The main altar rests under an ornate canopy with a swirling blue dragon on the underside of the canopy. And backing the main altar triad is an older altar mural dedicated to Amita-bul. The final thing in this amazing main hall is the Gamnowang-do (Sweet Dew Mural) that hangs on the far left wall. This older ritual mural dates back to 1792, and it’s Gyeongsangbuk-do Tangible Cultural Property #319. The focus of this mural are the two Hungry Ghosts (Agwi) at the centre of the mural. The mural is quite large in size measuring 218.5 cm wide by 225 cm long. The Gamnowang-do follows the traditional three sections (upper, middle, and lower) of this style of ritual painting. If the Geukrak-jeon Hall is open to the public, take your time and take it all in. You’ll probably never be able to take a picture inside this main hall, but it doesn’t take away from the overall splendor of this amazing structure.
To the right of this courtyard is the administrative offices at Baekheungam Hermitage. And to the left of this courtyard is another courtyard that houses three additional shrine halls at the hermitage. The first of these three shrine halls, and slightly to the right (north) is the Myeongbu-jeon Hall. Behind this shrine hall, and slightly elevated up a set of stairs, are the Sanshin-gak Hall and the Yeongsan-jeon Hall. The larger of the two is the Yeongsan-jeon Hall, which was built in 1858, and it’s to the left. Stepping inside the Yeongsan-jeon Hall, you’ll find an image of Seokgamoni-bul (The Historical Buddha) on the main altar. This central image is joined on either side by sixteen Nahan (The Historical Disciples of the Buddha) statues. These sixteen statues are backed by large murals of the Nahan, as well. And hanging on the far right wall is a smaller Shinjung Taenghwa (Guardian Mural). As for the Sanshin-gak Hall, which is located to the right, it houses a solitary image of Sanshin (The Mountain Spirit).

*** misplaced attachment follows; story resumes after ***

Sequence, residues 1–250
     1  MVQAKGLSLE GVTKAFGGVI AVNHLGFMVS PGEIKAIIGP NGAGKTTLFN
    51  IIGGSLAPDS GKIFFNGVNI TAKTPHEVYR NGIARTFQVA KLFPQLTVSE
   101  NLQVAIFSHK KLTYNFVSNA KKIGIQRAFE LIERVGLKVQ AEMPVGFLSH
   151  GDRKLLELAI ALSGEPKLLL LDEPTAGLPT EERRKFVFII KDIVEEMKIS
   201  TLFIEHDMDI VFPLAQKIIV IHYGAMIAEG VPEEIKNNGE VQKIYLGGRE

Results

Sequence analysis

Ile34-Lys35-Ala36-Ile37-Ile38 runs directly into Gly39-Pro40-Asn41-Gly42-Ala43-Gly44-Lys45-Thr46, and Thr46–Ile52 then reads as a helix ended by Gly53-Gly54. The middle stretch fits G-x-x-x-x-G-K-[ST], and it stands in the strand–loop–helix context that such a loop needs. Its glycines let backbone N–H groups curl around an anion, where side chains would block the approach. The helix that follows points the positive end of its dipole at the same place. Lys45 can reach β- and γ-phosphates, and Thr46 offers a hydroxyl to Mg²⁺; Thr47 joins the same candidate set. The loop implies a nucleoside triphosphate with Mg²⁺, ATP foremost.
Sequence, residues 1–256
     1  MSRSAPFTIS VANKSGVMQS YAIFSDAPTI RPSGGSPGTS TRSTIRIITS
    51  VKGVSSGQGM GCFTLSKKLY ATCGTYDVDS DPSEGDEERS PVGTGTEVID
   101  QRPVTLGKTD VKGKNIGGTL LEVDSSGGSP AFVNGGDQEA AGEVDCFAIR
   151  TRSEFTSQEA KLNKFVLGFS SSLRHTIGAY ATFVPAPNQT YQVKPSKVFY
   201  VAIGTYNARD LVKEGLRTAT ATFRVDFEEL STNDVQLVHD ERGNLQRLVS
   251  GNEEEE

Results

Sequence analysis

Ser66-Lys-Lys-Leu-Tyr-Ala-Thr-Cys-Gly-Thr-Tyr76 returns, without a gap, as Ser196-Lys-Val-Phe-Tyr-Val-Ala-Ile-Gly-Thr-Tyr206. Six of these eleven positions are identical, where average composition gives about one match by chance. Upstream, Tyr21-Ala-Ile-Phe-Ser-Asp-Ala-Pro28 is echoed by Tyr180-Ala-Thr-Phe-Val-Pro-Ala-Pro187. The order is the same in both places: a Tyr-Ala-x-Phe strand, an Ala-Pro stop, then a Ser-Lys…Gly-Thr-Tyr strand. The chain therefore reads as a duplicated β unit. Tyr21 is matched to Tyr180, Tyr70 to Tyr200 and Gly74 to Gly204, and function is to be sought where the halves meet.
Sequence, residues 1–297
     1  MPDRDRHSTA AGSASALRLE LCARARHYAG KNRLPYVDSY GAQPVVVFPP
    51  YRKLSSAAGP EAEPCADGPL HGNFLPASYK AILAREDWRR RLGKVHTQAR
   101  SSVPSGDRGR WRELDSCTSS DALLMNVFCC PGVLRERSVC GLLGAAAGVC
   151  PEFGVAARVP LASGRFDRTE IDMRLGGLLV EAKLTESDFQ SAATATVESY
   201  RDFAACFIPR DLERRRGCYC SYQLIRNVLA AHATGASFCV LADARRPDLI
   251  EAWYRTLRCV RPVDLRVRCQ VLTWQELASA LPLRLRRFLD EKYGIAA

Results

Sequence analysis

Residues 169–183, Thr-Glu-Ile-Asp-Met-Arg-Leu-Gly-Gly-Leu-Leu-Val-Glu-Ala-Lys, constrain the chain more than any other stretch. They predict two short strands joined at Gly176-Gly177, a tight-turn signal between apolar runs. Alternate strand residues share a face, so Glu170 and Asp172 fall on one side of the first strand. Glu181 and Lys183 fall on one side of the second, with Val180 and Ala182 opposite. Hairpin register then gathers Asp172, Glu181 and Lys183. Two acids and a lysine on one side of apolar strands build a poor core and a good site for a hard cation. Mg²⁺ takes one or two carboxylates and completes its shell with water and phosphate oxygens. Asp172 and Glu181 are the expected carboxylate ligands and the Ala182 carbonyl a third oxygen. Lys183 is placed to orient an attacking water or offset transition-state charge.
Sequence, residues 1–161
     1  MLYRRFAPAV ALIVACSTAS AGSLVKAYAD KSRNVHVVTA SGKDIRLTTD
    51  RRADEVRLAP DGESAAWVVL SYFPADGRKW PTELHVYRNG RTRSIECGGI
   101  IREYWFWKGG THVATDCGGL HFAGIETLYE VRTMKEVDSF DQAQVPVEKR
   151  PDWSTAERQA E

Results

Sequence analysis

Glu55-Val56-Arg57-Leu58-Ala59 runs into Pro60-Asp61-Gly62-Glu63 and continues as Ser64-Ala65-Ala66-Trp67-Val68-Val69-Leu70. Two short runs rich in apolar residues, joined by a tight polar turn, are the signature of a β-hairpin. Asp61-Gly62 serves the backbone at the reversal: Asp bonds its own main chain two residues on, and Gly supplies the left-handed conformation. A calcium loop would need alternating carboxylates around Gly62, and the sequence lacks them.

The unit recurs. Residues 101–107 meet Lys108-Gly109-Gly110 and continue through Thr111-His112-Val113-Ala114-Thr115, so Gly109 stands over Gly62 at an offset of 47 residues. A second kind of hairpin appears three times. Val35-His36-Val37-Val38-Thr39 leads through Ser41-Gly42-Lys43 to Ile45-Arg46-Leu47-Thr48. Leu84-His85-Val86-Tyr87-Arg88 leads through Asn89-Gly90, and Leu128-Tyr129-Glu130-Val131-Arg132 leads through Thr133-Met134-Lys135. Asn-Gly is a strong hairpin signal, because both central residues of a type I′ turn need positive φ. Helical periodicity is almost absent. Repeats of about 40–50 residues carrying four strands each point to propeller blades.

How To Get There
To get to Baekheungam Hermitage, you’ll first need to get to Eunhaesa Temple, which is where the hermitage is located. You can catch a bus to Eunhaesa Temple from the Yeongcheon Intercity Bus Terminal. These buses leave the terminal eight times a day. The bus ride will take about 45 minutes. From Eunhaesa Temple, you’ll need to walk west of the main temple for 3.5 km. The walk will take anywhere from 45 minutes to an hour depending on ability.
Overall Rating: 6/10
Baekheungam Hermitage is one of the most impressive hermitages that you’ll visit in Korea. The only problem with Baekheungam Hermitage is that it’s typically off-limits to the public. And when it is, in fact, open to the public, it’s closely monitored by the staff at the hermitage. With all that being said, the Geukrak-jeon Hall is one of the most beautiful shrine halls that you’ll visit in Korea with its natural wood exterior and fading dancheong colours. As for the interior, it’s main altar is arguably the most artistically impressive sumidan in all of Korea. Also equally impressive is the Gamnowang-do (Sweet Dew Mural) that hangs to the left of the main altar. Another interesting aspect to the hermitage is that it has just as many shrine halls as a medium sized temple. While you’re probably never going to be able to take pictures at this hermitage, even being able to visiting Baekheungam Hermitage is something pretty special.